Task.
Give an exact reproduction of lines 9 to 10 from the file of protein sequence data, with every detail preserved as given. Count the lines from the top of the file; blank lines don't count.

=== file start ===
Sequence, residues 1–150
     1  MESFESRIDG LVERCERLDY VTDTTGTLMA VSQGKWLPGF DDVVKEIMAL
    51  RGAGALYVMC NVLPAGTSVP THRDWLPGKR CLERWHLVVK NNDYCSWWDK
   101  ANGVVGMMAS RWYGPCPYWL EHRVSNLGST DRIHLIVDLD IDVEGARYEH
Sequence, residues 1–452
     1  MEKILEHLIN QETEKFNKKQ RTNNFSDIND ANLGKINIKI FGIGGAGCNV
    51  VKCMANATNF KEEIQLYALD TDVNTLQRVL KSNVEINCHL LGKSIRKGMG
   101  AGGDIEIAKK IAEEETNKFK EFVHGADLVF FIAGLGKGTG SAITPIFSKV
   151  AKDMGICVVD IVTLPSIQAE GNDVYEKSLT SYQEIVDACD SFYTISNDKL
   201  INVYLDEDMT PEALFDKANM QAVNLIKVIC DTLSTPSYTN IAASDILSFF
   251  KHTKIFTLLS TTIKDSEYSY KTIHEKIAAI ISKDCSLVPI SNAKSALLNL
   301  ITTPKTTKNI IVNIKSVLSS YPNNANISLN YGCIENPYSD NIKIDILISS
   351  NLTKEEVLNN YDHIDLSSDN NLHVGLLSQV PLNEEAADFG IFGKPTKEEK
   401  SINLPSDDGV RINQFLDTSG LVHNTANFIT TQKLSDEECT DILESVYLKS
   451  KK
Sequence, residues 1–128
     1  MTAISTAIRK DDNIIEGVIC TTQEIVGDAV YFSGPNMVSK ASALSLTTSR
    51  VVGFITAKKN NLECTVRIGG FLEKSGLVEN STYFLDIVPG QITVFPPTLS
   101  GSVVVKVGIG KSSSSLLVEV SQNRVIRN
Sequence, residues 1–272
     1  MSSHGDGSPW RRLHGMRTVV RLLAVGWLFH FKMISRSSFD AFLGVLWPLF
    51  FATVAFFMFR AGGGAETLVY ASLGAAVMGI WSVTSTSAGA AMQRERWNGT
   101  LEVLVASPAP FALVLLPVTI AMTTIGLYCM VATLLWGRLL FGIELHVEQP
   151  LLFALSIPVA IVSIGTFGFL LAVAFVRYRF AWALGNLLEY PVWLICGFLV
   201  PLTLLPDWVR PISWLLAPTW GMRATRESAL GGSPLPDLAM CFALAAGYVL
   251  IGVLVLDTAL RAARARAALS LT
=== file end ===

   151  AKDMGICVVD IVTLPSIQAE GNDVYEKSLT SYQEIVDACD SFYTISNDKL
   201  INVYLDEDMT PEALFDKANM QAVNLIKVIC DTLSTPSYTN IAASDILSFF